Given that empire remains a wide-ranging and hugely influential phenomenon it is surprising how little academic attention has been directed towards it. Those few texts that do examine the processes by which empires gain power tend to focus upon the most obvious method, conquest. Yet there remain a surprising number of alternative strategies for expanding, including: marriage, voluntary associations, invitation, awards by outside bodies, and indirect control. These examples all presuppose, however, that empires are state-led. Yet states are not the only empire-builders – religious organisations and trading companies all established empires of their own. But there is one other method by which imperial states could expand and which has been overlooked: they could purchase or lease land.
This is particularly true of the history of the United States. In fact, the method of empire by purchase rather than war could explain why that nation is not often considered to be an imperial power. Thus, the United States invasion of Florida is still referred to as ‘The Florida Purchase’! Similarly, following the invasion of Mexico and the 1848 Treaty of Guadalupe Hidalgo, in which $15 million was awarded to Mexico for its lost lands (a territory encompassing twenty times the area of land taken from Germany after Versailles), the Whig Intelligencer, a leading paper, commented, ‘we take nothing by conquest.’
In spite of these overt acts of violence followed by purchase, there are instances also of the United States expanding through purchase alone. Examples include the Louisiana Purchase of 1803, the Gadsden Purchase of 1853, and the obtainment of Alaska in 1867. Nor was the US the sole power to expand in this manner. In 1870, just after Confederation, the newly evolved Canada took control of the former Rupert’s Land for £300,000. This was an immense portion of territory encompassing 1.5 million square miles that had belonged to the Hudson Bay Company.
Similarly, empires can lease territory, although the extent of this land is usually small. However, size isn’t everything, as evident in the role that Hong Kong played in British expansion. A comparably important history of leasing territory occurred with Portugal’s involvement in Macau. And although both Hong Kong and Macau have returned to Chinese control, this practise of imperial rental has not come to an end. Today Diego Garcia and Guantanamo continue, albeit controversially, to be leased.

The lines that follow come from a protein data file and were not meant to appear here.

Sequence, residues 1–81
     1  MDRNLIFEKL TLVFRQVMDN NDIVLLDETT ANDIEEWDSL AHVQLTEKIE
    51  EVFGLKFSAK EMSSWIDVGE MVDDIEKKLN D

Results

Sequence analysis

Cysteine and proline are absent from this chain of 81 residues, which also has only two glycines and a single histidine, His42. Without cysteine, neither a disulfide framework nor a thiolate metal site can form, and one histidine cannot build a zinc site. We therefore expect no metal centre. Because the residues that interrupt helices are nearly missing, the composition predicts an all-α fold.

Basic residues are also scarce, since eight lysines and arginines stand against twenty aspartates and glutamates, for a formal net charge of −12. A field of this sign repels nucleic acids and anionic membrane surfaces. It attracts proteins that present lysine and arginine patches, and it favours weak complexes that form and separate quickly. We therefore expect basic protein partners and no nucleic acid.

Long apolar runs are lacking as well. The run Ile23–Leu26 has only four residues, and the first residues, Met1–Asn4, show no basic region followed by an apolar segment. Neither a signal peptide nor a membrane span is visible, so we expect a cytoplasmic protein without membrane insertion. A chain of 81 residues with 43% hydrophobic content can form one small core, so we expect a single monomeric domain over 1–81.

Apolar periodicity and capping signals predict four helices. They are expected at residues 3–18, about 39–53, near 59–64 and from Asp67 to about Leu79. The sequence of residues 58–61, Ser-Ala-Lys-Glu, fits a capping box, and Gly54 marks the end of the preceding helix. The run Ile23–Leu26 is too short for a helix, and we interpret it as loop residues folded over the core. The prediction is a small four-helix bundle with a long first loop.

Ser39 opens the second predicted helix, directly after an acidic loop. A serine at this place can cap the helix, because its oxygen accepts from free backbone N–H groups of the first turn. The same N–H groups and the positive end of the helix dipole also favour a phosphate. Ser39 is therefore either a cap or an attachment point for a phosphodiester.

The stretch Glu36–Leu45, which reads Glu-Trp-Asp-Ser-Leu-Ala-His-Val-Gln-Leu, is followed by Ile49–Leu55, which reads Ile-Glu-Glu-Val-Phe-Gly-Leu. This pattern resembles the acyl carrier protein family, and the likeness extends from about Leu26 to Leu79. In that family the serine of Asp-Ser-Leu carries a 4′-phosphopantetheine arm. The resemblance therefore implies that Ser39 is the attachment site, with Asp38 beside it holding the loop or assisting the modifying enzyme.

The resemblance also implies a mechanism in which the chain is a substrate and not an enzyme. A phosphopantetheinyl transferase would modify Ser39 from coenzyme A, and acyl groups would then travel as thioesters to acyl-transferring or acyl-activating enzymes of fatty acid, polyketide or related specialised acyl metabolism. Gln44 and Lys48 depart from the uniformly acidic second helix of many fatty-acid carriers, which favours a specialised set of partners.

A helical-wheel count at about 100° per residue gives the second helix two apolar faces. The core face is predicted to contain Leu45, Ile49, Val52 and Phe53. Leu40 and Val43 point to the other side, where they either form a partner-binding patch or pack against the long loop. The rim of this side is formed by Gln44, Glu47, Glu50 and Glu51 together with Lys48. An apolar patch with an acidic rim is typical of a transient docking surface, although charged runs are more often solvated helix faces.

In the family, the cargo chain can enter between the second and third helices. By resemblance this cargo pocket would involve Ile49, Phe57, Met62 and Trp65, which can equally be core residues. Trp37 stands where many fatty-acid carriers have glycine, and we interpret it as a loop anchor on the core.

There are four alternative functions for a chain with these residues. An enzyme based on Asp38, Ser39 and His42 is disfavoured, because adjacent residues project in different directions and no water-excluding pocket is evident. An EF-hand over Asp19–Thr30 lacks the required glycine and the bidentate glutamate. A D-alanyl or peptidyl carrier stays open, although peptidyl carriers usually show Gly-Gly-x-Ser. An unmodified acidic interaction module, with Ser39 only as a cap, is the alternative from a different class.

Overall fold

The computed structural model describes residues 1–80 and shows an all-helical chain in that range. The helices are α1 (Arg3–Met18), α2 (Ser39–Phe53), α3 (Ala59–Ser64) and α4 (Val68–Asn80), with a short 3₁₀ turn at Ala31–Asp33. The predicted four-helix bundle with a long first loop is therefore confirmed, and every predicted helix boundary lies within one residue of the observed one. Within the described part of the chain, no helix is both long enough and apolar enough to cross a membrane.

Empire by purchase or rental, like the acquisition of property in a Monopoly board game, remains, therefore, a neglected but highly successful strategy for a state to extend its political sovereignty. In terms of North American history, this process of expansion remains significant for three reasons. Firstly, the combined land purchases made by the United States and Canada dwarf the Pax Romana. Secondly, these North American territories remain intact. And thirdly, so successful were these transactions in becoming faits accomplis that they have been overlooked as imperial strategies in western historical memory.
Yet there is one further reason to draw attention to this process of expansion: variations are still occurring. Multinational corporations (MNCs) are copying the precedents initiated by early modern business organisations such as the Hudson’s Bay Company. They are buying swathes of property for long-term profit in land-rich countries. Benetton has become one of the largest landowners in Argentina, and Daewoo was negotiating a ninety-nine year lease on over a million hectares in Madagascar. Political states are becoming involved with this new global ‘scramble’ too. The President of the United Arab Emirates is considering the procurement of land in Kazakhstan, whilst Libya has secured some 250,000 hectares in the Ukraine.
While the buying and letting of land by MNCs or states might result in less bloodshed than the more conventional techniques of imperial invasion, there are long-term considerations that need to be considered. Monopoly Imperialism is, as a result, a colonial process that while seeming to have disappeared under the historical radar remains one of the most powerful determiners of the modern world’s political landscape. Consequently, imperial history has implications not only for understanding the past but also for communities of peoples across the globe engaging with the present.